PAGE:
"Books are fun. Even the classics are fun or inspiring," said Plummer.
The Oscar-winning actor grew up in a family that valued, loved and shared the art of reading.
"Language is fascinating and rich, and it's as I say in the play, it's our heritage," said Plummer. "The kids should know that reading is really quite wonderful and fun. It isn't dull or dreary, so I hope that this show illustrates that."
Plummer pays tribute to a host of his favorite authors, from Shakespeare to Dylan Thomas to Lewis Carroll.
"'Alice in Wonderland' is really the first book that really affected me, because it's so full of imagination. It just started mind going," said Plummer. "That's probably one of the most original books ever written."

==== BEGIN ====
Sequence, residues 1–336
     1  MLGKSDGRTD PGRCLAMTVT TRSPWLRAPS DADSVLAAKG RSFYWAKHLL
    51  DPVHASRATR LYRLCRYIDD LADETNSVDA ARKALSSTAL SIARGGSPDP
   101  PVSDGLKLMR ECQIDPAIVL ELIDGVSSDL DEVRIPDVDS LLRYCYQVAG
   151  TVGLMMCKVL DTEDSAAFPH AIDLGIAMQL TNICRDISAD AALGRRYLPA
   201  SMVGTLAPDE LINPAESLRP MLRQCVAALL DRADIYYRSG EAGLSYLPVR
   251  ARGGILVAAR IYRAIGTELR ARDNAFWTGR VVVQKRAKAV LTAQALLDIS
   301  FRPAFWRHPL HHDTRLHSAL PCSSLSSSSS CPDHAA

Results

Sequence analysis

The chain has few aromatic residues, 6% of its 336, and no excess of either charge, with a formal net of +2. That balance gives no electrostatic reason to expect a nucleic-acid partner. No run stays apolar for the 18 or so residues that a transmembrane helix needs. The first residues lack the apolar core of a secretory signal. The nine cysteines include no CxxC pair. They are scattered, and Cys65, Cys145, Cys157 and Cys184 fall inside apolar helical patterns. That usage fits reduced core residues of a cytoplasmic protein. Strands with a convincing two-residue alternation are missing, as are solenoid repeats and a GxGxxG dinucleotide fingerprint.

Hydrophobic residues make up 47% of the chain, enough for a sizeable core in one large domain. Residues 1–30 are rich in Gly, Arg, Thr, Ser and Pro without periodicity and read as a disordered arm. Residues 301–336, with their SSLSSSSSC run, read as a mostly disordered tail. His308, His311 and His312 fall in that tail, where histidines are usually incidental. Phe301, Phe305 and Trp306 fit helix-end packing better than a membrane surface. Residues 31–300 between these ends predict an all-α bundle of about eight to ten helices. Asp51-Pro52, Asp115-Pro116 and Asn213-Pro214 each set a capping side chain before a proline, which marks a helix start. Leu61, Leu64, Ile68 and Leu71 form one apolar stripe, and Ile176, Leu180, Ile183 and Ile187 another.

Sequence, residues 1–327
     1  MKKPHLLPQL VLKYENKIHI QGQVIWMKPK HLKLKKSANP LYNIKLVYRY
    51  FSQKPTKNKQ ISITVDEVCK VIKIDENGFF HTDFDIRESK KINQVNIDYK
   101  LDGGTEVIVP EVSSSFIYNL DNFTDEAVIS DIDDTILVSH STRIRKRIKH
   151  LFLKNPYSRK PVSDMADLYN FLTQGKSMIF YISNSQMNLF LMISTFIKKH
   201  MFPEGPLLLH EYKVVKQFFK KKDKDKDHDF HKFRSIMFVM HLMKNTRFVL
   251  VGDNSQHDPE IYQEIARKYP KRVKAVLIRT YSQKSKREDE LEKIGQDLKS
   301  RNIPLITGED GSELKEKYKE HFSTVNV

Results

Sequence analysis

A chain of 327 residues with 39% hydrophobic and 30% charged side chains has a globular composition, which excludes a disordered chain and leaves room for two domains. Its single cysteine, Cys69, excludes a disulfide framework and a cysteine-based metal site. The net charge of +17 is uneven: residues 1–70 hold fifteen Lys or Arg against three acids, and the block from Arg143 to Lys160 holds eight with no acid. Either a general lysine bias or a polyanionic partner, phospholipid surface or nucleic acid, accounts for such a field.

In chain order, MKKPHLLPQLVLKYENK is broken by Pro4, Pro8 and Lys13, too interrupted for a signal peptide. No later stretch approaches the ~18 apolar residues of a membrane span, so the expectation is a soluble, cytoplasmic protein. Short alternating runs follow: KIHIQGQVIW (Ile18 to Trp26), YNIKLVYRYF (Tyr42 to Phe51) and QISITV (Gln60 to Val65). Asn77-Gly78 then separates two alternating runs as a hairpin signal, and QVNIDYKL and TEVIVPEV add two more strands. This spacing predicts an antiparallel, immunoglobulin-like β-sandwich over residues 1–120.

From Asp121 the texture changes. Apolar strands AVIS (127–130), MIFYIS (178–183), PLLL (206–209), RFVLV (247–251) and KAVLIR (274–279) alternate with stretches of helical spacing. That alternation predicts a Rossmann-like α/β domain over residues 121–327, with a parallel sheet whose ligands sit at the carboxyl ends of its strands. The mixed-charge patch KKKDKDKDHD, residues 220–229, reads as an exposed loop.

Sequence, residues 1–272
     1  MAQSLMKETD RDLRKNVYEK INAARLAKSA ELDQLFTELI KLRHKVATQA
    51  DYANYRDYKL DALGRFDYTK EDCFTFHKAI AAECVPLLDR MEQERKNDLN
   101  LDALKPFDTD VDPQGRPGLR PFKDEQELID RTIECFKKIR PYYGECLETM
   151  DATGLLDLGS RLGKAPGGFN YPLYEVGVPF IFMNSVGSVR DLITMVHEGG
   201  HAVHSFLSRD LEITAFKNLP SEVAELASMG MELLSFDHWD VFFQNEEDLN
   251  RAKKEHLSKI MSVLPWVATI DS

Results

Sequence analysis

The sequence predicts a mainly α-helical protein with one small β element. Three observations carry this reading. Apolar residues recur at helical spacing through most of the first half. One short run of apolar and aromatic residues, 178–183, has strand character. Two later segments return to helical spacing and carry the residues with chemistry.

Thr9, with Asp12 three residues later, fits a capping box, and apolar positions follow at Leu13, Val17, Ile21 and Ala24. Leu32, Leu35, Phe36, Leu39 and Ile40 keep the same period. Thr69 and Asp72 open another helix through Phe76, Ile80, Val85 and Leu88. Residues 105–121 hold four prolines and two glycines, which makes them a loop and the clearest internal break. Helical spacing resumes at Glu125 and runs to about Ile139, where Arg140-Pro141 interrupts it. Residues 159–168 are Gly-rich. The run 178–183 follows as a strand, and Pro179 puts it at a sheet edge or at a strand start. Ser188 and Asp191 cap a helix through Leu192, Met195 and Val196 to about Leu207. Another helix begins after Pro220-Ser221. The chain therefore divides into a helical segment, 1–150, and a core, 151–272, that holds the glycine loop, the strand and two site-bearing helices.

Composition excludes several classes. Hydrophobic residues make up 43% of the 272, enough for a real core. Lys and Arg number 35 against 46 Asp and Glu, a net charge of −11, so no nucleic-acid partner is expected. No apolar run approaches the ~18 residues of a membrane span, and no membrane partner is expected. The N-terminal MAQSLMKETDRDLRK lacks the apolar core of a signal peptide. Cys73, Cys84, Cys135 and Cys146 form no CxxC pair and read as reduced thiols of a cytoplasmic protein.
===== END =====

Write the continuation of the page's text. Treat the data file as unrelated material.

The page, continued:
The 84-year-old actor also challenged himself by writing the piece as a one man show. He says "going solo" makes a willing audience all that more important.
"It's not like you're in a play with six or seven other people. The audience, in this case, is your partner," said Plummer. "I know enough now, after all these years, how to get them to listen and then how to stop and listen to them."
Plummer has been performing for more than 60 years. He firmly believes keeping one foot planted firmly in the theater helps him stay vibrant.
"It's terribly important, because this is where you build your craft. It reminds you of what you are supposed to be," said Plummer.
"A Word or Two" plays at the Ahmanson Theatre through Feb. 9.